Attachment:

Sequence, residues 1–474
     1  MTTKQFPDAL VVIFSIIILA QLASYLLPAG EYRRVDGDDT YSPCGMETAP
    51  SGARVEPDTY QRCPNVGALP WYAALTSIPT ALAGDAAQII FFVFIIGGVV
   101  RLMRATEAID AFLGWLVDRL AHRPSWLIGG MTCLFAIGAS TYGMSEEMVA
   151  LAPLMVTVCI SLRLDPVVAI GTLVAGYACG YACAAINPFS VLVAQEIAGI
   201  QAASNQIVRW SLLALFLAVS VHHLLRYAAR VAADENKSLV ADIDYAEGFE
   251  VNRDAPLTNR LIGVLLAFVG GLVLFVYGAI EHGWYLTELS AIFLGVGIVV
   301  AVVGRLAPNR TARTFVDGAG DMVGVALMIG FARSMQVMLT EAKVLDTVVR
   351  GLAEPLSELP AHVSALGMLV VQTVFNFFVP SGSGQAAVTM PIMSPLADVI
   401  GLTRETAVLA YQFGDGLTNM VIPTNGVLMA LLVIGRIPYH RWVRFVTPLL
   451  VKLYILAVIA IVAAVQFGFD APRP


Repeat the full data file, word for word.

Sequence, residues 1–474
     1  MTTKQFPDAL VVIFSIIILA QLASYLLPAG EYRRVDGDDT YSPCGMETAP
    51  SGARVEPDTY QRCPNVGALP WYAALTSIPT ALAGDAAQII FFVFIIGGVV
   101  RLMRATEAID AFLGWLVDRL AHRPSWLIGG MTCLFAIGAS TYGMSEEMVA
   151  LAPLMVTVCI SLRLDPVVAI GTLVAGYACG YACAAINPFS VLVAQEIAGI
   201  QAASNQIVRW SLLALFLAVS VHHLLRYAAR VAADENKSLV ADIDYAEGFE
   251  VNRDAPLTNR LIGVLLAFVG GLVLFVYGAI EHGWYLTELS AIFLGVGIVV
   301  AVVGRLAPNR TARTFVDGAG DMVGVALMIG FARSMQVMLT EAKVLDTVVR
   351  GLAEPLSELP AHVSALGMLV VQTVFNFFVP SGSGQAAVTM PIMSPLADVI
   401  GLTRETAVLA YQFGDGLTNM VIPTNGVLMA LLVIGRIPYH RWVRFVTPLL
   451  VKLYILAVIA IVAAVQFGFD APRP